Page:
Dorothy had it right when she clicked her ruby slippers together and uttered those famous words “There’s no place like home!” Home to my favorite chair, my workshop, my coffee and my sweet wife! There’s something about home isn’t there? Nowhere else on earth where you feel the way you do there. Nowhere else on earth where you are treated quite the same way, but home! Nowhere else you can relax, be yourself and feel truly at home, but home!
My role in ministry takes me throughout the American Midwest each and every week to the average tune of over a thousand miles of drive time. The maps app on my IPhone is easily one of the most frequently used tools I have in my technological tool kit. There is one particularly phrase my phone utters late in the week after the meetings are finished and the SUV is loaded. I pull up the trusty maps app and type in the word Home and after the directions load I hit the green icon that says GO. It is then that the sweetest words I’ve heard all week ring out… “Starting route to home!”
C. S. Lewis in Mere Christianity writes, “If you read history you will find that the Christians who did the most for the present world were just those who thought most of the next. It is since Christians have largely ceased to think of the other world that they have become so ineffective in this.” Russell Wells has said that “the whole of life is going home.” It was Solomon who gave us the phrase, “Man goeth to his long home,” a journey that begins at birth, not death.
Peter wrote to us, “Nevertheless we, according to his promise, look for new heavens and a new earth, wherein dwelleth righteousness. Wherefore, beloved, seeing that ye look for such things, be diligent that ye may be found of him in peace, without spot, and blameless. And account that the longsuffering of our Lord is salvation; even as our beloved brother Paul also according to the wisdom given unto him hath written unto you;” What does our spiritual passport say about our final destination?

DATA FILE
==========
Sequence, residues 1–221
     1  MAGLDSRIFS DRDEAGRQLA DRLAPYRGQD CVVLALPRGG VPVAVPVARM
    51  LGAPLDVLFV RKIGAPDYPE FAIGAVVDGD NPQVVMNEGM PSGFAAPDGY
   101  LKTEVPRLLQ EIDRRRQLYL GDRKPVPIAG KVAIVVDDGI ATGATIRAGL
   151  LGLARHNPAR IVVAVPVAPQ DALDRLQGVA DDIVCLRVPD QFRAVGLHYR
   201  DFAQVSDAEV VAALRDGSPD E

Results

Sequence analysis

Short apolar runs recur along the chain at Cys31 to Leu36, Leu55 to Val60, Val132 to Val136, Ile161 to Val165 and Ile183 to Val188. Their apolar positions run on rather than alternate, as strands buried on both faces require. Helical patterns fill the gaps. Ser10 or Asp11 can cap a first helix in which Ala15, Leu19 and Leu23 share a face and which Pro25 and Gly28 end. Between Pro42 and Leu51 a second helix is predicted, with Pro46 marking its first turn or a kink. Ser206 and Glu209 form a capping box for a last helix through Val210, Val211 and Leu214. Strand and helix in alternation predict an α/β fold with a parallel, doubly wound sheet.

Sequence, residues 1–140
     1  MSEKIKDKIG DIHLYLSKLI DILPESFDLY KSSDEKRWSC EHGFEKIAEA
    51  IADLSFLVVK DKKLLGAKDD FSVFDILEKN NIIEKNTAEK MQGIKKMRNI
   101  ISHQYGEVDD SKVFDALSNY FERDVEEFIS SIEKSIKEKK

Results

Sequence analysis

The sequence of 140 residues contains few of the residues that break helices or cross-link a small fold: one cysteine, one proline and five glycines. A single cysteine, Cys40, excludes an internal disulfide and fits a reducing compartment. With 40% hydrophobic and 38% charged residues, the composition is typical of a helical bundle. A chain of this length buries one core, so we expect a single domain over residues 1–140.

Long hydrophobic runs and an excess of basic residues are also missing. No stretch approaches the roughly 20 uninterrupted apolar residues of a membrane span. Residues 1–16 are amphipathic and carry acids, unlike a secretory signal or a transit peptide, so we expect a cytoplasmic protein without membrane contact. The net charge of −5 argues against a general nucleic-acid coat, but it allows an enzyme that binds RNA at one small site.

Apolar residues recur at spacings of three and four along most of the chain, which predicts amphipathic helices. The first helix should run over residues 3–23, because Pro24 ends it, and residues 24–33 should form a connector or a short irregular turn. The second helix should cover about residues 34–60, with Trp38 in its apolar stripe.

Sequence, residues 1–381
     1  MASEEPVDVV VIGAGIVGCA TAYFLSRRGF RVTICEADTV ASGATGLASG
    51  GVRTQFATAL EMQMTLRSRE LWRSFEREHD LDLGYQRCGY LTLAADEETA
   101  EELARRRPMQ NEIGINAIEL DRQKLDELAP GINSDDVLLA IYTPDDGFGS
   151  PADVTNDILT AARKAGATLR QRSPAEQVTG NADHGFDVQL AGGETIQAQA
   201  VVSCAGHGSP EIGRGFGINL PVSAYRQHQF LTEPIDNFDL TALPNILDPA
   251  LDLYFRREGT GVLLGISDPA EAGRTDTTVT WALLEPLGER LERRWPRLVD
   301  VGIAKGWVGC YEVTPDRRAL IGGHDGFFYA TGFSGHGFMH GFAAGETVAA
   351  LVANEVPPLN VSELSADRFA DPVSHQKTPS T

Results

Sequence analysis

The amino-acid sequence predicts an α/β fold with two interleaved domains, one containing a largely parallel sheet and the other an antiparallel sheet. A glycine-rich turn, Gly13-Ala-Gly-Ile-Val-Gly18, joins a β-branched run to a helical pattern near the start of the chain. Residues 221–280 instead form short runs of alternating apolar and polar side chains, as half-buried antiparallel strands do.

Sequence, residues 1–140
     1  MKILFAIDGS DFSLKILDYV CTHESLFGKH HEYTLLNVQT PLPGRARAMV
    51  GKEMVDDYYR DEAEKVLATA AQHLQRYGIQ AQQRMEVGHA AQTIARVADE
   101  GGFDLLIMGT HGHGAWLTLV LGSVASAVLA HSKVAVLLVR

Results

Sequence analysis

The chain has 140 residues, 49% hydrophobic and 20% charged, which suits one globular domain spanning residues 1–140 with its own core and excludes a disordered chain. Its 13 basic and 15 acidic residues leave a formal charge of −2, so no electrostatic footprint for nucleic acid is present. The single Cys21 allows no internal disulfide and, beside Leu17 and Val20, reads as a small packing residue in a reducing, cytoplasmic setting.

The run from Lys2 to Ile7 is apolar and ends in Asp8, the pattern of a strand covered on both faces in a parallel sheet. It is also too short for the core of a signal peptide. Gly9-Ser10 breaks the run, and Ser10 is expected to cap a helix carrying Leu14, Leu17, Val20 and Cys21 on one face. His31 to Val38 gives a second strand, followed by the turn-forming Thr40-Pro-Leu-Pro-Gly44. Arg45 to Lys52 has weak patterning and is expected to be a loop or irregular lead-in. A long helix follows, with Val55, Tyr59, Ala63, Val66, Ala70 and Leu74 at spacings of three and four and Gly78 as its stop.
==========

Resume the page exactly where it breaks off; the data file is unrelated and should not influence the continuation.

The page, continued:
Let’s look again at the word home for a minute since Dorothy so kindly brought it up. David in the Shepherds psalm closed the chapter with this thought, “Surely goodness and mercy shall follow me all the days of my life: and I will dwell in the house of the LORD forever.” Did you catch the word dwell? To dwell in this sense means literally, to be at home. Isn’t that great! The Shepherd is the Lord and if we know the Lord, when we finally get to our destination we will be at home. What a
comforting thought for those who have lost loved ones to death. Think of it, they’re at home! What a thought for us as Christ followers, when we get to heaven, we’ll feel just like we are at home!
So, where’s home for you? What destination does your life’s passport point you toward? I’m not just thinking in the temporary sense here. I don’t mean your address, or what you pay taxes on. But your real home, in eternity. Where you are headed when this life is done. In one of his lighter moments, Benjamin Franklin penned his own epitaph. It seems he must have been influenced by Paul’s teaching of the resurrection of the body. Here’s what he wrote: The Body of B. Franklin, Printer, Like the Cover of an old Book, Its contents torn out, And stript of its Lettering and Guilding, Lies here, Food for Worms, But the Work shall not be wholly lost: For it will, as he believ’d, Appear once more, In a new & more perfect Edition, Corrected and amended by the Author.
In Valladolid, Spain, where Christopher Columbus died in 1506, stands a monument commemorating the great discoverer. Perhaps the most interesting feature of the memorial is a statue of a lion destroying one of the Latin words that had been part of Spain’s motto for centuries. Before Columbus made his voyages, the Spaniards thought they had reached the outer limits of earth. Thus their motto was “Ne Plus Ultra,” which means “No More Beyond.” The word being torn away by the lion is “ne” or “no,” making it read “Plus Ultra.” Columbus had proven that there was indeed “more beyond.” What’s beyond for you and I in eternity will matter much.
Downloading directions to my Maps App at the end of a long week of travel is a very comforting thing for me to hear. More important for me will be the words I am longing to hear at the end of my road of life, “Well done, good and faithful servant; thou hast been faithful over a few things, I will make thee ruler over many things: enter thou into the joy of thy lord.” Are you headed home? According to Dorothy and the Bible, there’s no place like it!
Tim Throckmorton is the Midwest Regional Director for Church Ministries reach him at 740-935-1406